By shatterstar 12 Comments
A lot of buzz about a lot of superhero movies in the pipeline today. [ See Tom's article on another half dozen new Marvel projects]
LA Times' Hero Complex has an interesting blog today with X-Men First Class' director Matthew Vaughn predicting that the end of the superhero film genre is nigh.
Vaughn said audience fatigue is already starting to set in. The subject material can't sustain the Hollywood trample, he said, and the inevitable box-office duds and derivative projects will mark the end of the gold rush by studios.
"It is a crowded room," Vaughn said "It's too crowded."
There definitely is going to be a glut of movies next summer with Thor, Captain America, Green Lantern, X-Men First Class, etc.
Now Marvel & DC's big guns will probably be huge earners at the box office, but I wonder will people keep turning out or will it die out like any other fad as they water the genre down with poorly executed projects? This summer we saw two films in the superhero/fantasy genre utterly bomb - Nic Cage's Sorceror's Apprentice and Jonah Hex. Two things are happening here- for one studios see dollar signs and will pump anything out to make a buck. Second, films are getting progressively further away from mainstream household name characters. After this batch you've potentially got Ant-Man, Deathlok, Deadpool, Shang Chi, Luke Cage, and Magneto movies from Marvel. Meanwhile DC is potentially banking big on Green Lantern being a success as G-Man pointed out along with rumored Lobo and Sgt Rock movies. Image has Brett Ratner directing Youngblood with a big budget. Now, I'll probably watch all these movies the day they're released but I'm a comic geek. How many people that aren't comic book fans know these characters? Will people actually turn out to see Green Lantern despite the character's relative obscurity or will they ignore it as they did Hex & Apprentice?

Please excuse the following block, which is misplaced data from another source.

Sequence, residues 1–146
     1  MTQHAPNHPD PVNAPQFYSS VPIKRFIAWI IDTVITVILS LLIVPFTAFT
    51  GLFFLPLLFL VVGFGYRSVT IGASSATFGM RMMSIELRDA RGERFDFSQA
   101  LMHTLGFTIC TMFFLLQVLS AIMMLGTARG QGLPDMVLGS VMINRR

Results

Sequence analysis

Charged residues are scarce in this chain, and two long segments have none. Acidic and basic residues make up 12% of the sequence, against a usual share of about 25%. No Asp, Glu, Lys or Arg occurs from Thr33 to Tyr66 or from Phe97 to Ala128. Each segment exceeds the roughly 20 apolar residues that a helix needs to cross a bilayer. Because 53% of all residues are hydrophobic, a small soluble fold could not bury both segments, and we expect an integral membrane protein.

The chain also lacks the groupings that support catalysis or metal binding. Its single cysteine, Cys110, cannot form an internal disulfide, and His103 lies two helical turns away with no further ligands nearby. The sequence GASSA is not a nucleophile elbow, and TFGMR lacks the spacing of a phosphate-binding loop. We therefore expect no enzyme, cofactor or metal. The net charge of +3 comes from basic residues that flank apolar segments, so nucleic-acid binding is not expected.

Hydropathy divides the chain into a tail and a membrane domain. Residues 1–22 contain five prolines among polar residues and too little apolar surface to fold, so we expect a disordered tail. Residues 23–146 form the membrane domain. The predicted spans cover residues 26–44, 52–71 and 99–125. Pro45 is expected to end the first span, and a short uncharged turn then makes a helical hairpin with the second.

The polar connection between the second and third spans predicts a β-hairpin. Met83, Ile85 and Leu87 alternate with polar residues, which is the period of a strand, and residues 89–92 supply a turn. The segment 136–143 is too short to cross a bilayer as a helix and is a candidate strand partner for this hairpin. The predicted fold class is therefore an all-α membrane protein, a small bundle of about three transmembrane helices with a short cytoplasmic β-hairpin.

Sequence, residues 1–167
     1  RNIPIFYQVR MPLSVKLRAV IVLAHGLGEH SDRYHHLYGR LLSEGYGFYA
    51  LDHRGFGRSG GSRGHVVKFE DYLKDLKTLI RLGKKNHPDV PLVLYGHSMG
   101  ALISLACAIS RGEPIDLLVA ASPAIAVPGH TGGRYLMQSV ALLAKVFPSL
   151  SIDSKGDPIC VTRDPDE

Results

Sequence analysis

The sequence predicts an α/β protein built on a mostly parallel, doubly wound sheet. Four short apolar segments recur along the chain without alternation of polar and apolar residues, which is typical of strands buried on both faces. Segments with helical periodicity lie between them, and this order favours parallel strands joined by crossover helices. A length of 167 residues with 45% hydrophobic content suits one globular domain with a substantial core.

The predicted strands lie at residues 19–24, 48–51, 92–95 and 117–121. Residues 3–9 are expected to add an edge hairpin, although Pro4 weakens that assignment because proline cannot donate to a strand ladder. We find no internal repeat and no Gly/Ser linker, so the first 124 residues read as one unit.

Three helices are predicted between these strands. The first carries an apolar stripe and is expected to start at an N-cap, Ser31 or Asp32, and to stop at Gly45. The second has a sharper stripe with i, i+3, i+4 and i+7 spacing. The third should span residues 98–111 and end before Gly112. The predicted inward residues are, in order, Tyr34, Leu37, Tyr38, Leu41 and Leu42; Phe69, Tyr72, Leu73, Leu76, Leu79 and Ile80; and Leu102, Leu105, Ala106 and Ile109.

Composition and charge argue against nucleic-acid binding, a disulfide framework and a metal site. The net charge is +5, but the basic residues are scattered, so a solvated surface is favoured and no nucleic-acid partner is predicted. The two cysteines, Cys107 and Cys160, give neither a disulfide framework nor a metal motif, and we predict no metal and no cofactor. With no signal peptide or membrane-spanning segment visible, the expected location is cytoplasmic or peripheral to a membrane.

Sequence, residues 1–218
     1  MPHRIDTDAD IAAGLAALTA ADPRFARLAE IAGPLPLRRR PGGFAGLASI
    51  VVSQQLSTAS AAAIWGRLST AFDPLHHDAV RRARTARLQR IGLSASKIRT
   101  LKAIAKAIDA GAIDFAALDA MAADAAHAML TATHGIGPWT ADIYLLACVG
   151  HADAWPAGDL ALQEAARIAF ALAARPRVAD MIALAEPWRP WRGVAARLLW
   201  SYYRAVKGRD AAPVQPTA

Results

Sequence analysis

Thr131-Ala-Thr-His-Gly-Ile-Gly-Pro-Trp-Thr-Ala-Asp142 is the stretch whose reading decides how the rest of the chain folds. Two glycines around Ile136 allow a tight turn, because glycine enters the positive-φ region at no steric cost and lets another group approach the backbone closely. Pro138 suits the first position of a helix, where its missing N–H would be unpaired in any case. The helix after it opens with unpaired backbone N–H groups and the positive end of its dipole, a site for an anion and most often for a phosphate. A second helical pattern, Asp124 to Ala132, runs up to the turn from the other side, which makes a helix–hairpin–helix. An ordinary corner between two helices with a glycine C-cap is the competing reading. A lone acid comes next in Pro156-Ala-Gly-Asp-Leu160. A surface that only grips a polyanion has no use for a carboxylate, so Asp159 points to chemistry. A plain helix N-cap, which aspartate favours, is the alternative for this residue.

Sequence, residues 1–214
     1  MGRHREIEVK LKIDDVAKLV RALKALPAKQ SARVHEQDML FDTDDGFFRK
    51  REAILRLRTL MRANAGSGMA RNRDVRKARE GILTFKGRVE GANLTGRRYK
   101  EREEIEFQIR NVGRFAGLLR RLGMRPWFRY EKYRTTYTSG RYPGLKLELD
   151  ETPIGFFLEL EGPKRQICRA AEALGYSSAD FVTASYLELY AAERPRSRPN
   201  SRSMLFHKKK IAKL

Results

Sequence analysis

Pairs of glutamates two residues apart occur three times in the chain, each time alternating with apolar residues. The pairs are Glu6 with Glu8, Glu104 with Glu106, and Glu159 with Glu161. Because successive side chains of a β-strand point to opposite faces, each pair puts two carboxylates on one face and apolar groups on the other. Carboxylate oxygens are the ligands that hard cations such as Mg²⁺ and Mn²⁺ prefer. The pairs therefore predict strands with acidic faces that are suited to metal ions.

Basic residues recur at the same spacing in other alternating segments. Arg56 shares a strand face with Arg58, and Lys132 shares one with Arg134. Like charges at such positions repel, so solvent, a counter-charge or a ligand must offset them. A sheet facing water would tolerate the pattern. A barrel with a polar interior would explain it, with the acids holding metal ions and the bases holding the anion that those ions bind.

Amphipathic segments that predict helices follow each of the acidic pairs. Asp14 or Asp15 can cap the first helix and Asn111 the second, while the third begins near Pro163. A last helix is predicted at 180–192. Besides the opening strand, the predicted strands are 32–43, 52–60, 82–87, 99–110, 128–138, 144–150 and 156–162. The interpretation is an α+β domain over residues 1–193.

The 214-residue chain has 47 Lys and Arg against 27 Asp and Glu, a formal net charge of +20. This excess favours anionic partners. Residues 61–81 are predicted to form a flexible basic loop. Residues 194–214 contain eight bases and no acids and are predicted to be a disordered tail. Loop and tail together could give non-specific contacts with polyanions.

Vaughn has his own vision of where the genre is going:
"I've always wanted to do a big-budget superhero film and I think we've kind of crossed the Rubicon with superhero films," Vaughn said. "I think [the opportunity to do one], it's only going to be there two or three more times."
"Then," he added, "the genre is going to be dead for a while because the audience has just been pummeled too much."
What do you think, is the genre due for a downfall or is Vaughn still bitter that his Kick-Ass flopped at the box office and the genre will keep rolling until Squirrel Girl gets her own movie?